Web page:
Have you ever wondered what life is like for a second year dental student? Every school, and every student, will have a slightly different experience. I wanted to share what my life was like as a D2 at UAB School of Dentistry.
At UAB, the first two years of dental school are spent hitting the books, listening to hours of lecture and drilling on plastic teeth in the pre-clinical laboratory. While the first year is more heavily focused on learning all the biomedical sciences, year two is all about getting prepared for clinic. As someone who recently completed their second year of dental school, I feel excited and ready to dive into treating real live patients but there is no way I could have made it to this point without the training I received this past year.
For me, my day as a second year dental student starts an hour before I have to leave my apartment. I have time to make my lunch, eat my breakfast and drink my coffee. That last part is essential! We have very long days full of lectures and studying so it is important to start your day off right. After drinking every last drop of coffee, it’s time to head to school.
Usually in the morning D2s would start with a biomedical science class, which is held in Volker Hall, a medical school building located a few blocks down from the school of dentistry building. At UAB, these classes are split up into the different systems of the body such as cardiology, respiratory, endocrine and so on. Lectures last anywhere from two hours to four hours at a time. Yes, that’s four hours of straight listening.
Mixed in with the science classes are our dental school classes. As D2s, we start learning more about the different dental specialties such as prosthodontics, orthodontics and pediatrics. The morning may have an hour or two of one of these depending on what else we have that day. These classes are all didactic classes, mostly lecture based with two or three exams as the main form of evaluation.
Lunch is at noon sharp every single day! I always use this time to refresh and recharge before my afternoon classes. Some students use it to grab a quick bite and get a head start on studying. It is also a great time to run to get a coffee before the afternoon starts.
After lunch, it’s time to hit the sim lab! At UAB, we call it Pre-Clinical Dentistry or PCD for short. The D2 year is mostly focused on prosthodontic procedures, both fixed and removable. We started the year off learning about crown preps and all the necessary lab work that goes into making a crown. We are scheduled to have four hours in PCD four days a week. The time of day can vary, but no matter what, if you are a D2 in PCD you are working very hard in order to get all your work done. If I left the school without a trace of mounting stone or alginate on my scrubs, I knew I did not work that hard that day.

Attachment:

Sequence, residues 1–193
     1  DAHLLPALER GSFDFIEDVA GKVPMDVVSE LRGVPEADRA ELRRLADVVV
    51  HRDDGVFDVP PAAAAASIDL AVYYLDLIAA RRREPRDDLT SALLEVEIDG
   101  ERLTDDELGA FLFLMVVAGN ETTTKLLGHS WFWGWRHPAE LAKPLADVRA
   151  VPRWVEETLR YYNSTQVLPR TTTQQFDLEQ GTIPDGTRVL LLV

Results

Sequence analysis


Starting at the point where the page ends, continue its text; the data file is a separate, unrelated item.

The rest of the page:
If you are fortunate to complete your daily assignments for PCD before five then it is time for you to go home. Of course, this was not always the case for me, as things do not always go one’s way in PCD. Dropping casts, re-doing impressions and re-making temporaries are just a few things that may extend your time up on the fifth floor in the lab.
At the end of the day, it’s time to go home and eat dinner. After dinner, I am able to relax and unwind after a hard day’s work. WRONG! This is not a job, this is dental school! Therefore, I have the greatest pleasure of cramming for an exam I have the next day. No, the long nights of studying do not end after the first year.
It especially did not end for me as I had to prepare to take Part I of the National Board Exam in December. If I felt up to speed on all my other classes, I would then take a few minutes each day to go over old material that I knew would be on boards. The most important thing you have to do as a dental student is stay organized. If you can accomplish this, dental school becomes a lot more doable!
Finally, it is time to go to bed. It is not long before the alarm clock goes off and I have to wake up and do it all over again.
Dental school has been a crazy ride so far. Being a second year dental student was filled with so many highs and lows, new friendships, and new knowledge. I had the chance to learn what makes our bodies tick and to improve my hand skills and dental knowledge. I had countless opportunities to rotate through all the different specialty clinics at our school and start to learn how to interact with patients. All this and more was great preparation for what I ultimately came here to do: treat patients.
It will not be long before I will be writing about my first patient appointment. See you later D2 year, D3 here I come!